The aforementioned hardpoints all come equipped with a length of 20mm webbing and a triglide, which means the loop used for attaching the placard can be drawn in or let out as the user sees fit. The knock on effect for this is a placard that sits in exactly the right place for the user, and in the case of the taller placards also means the hardware can be pulled right up and concealed within the chest flap area, leading to a more slick overall aesthetic.
Being completely honest I actually think the current design of the Tegris hardpoints leave a little to be desired. They work beautifully and are by no means unfit for purpose, but they have the definite feel to me of being a 1st generation. The buckles for instance could really do with being flatter and I think the idea of infinite adjustability leaves some scope for indecisiveness. Luckily this is one area of the Fulcrum that can be updated infinitely, and when a 2nd generation hardpoint kit becomes available it will be far cheaper to replace that than the whole vest itself.
The second step the Fulcrum takes towards maximum compatibility is to make the cummerbund attachment method a hybrid between the traditional “JPC style” of looping the ends of a traditional skeleton cummerbund through vertical channels and securing with shock cord, and the “Slickster style” of direct Velcro-Velcro mounting.
Author’s note: The use of the terms JPC and Slickster style are just to relate the method to their most recognisable uses as of today. I have absolutely no idea who did what first or where.
Personally I’m a big fan of the Velocity Systems method of cummerbund mounting, and I’m glad to see that the Fulcrum will more than accommodate this as it uses both the vertical channels and Velcro to secure to the vest.
The cummerbund that comes with the Fulcrum is itself remarkable as it takes the form of a modern Tegris filled structural cummerbund, but with a bit of a retro nod of being a full fabric, no flashy Tegris in sight pattern matched affair. Honestly I was hesitant about 2 band cummerbunds as one of my pet hates is going to open a pouch and have it roll upwards from the bottom, but the cummerbund on the Fulcrum is absolutely solid.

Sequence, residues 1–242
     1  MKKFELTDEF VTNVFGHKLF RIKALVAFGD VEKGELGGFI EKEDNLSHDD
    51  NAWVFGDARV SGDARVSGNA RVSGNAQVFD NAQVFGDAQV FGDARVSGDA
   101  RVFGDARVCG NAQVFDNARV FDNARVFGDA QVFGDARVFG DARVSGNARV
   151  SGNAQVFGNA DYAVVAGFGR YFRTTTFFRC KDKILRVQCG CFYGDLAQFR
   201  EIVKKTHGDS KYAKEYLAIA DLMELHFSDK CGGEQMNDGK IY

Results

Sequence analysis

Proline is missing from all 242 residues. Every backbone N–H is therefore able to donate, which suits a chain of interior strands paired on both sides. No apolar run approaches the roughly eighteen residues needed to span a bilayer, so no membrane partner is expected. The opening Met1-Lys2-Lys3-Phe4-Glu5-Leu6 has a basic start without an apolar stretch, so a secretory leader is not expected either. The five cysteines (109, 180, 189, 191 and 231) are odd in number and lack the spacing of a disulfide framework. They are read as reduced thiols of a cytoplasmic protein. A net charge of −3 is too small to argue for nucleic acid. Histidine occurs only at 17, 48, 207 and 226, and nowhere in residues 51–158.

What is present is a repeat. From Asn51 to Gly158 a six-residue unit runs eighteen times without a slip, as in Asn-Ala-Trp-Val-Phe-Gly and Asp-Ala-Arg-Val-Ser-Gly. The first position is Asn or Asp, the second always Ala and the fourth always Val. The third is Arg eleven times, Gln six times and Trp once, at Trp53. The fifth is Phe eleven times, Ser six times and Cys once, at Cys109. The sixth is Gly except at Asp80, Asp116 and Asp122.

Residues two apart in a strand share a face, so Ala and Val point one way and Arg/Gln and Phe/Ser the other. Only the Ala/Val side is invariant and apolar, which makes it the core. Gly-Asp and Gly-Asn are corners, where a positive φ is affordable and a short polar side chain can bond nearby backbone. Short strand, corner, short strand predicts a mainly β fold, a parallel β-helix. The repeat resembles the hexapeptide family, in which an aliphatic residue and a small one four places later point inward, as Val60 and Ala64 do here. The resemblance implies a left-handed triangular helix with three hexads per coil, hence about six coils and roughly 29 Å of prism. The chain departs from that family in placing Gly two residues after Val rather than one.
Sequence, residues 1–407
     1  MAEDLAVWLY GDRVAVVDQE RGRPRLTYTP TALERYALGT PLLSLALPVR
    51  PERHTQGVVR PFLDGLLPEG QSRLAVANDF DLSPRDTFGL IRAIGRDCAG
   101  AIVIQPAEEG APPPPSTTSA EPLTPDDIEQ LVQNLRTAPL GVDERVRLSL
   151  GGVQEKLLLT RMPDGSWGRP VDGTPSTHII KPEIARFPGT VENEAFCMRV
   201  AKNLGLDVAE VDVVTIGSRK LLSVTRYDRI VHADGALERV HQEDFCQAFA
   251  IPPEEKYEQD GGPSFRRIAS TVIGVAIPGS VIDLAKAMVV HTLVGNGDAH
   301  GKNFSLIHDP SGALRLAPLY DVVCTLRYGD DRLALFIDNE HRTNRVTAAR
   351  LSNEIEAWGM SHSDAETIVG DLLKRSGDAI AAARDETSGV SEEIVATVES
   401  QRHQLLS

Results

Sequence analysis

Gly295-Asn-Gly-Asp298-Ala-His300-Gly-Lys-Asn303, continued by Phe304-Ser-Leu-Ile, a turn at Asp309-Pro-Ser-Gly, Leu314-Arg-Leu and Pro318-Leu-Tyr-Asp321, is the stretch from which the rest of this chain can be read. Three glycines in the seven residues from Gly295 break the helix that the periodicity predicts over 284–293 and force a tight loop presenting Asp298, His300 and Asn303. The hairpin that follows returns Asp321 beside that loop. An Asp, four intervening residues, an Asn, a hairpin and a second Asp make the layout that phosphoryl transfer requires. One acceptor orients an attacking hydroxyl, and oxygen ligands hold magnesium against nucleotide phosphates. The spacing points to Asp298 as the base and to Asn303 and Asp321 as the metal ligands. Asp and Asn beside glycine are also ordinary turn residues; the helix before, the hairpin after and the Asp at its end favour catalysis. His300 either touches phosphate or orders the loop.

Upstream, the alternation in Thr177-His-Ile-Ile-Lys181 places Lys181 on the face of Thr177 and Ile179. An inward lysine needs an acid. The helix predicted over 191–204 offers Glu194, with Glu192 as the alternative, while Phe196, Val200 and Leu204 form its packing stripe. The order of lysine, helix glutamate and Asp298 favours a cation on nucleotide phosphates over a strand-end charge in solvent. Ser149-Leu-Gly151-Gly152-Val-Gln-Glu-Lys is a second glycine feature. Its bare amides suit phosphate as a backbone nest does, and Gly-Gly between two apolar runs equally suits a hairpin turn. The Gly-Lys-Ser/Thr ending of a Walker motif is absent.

The attachment method for the included cummerbund is of the aforementioned “JPC style”, which personally I think is the worst of the bunch. I absolutely understand that its simplicity and almost infinite adjustability make it an obvious choice from a commercial perspective, but having used the excellent Spiritus LV119’s “holes” method I think the days of just tying the ends together with shock cord should be left behind us. In simple terms, the “JPC” method allows for a certain amount of side to side movement, and isn’t conducive towards proper plate placement.
My eventual plan for this cummerbund is to have it converted to the Velocity Systems style of attachment, but how long this takes me to get around to will be a testament to how the current method is perfectly workable.
At the front, the cummerbund is of the now typical C2R style of tapering out to a reasonably large square Velcro panel. There isn’t a great deal to say on the effectiveness of this method without getting into the tubes vs. Velcro argument that is bordering on a feud at this point. Personally I’m a recent tubes convert, but I know plenty of people who still swear by Velcro, the manufacturer of the Fulcrum included.
With this in mind I have managed to mount my Tacbelts UK ROC tube adapters to my Fulcrum to great effect, with the Velcro flap folding back inside the cummerbund and securing to the loop Velcro concealed within. If you intend on doing this yourself I would definitely recommend using the longer ROC 80 buckle, as this helps to give the cummerbund some vertical stability that stops the dreaded pouch flapping up issue that could be caused by essentially de-linking the Tegris structure from the front platebag.
In this section of the review I’m afraid we can only look at one half of the new C2R back panel system, as the panels themselves aren’t quite in production. I can say however that having seen the full suite of prototypes, there will be plenty to choose from.
The core difference in the C2R approach is to go “zips in” and make a back panel suite that is slicker than anything else on the market. On the rear platebag itself there are the two vertical zips that provide the strength to the system and a small Velcro/MOLLE field for IFF patches. There is a hidden clue as to what one of the back panel setups is in this MOLLE field, as it provides a significant mounting point for something designed to carry heavy loads.
For lighter loads, the method of providing further tension is simple, each panel will have wings that rise up to the shoulder strap buckles and will have a Tegris tab that slots into this buckle and provides enough purchase to pull the panel tight vertically, while the zips perform this horizontally. What all this comes together to accommodate is a suite of back panels that are much lighter weight than their peers, and when attached don’t look like an addition to the rear platebag, but instead seem to be one with it.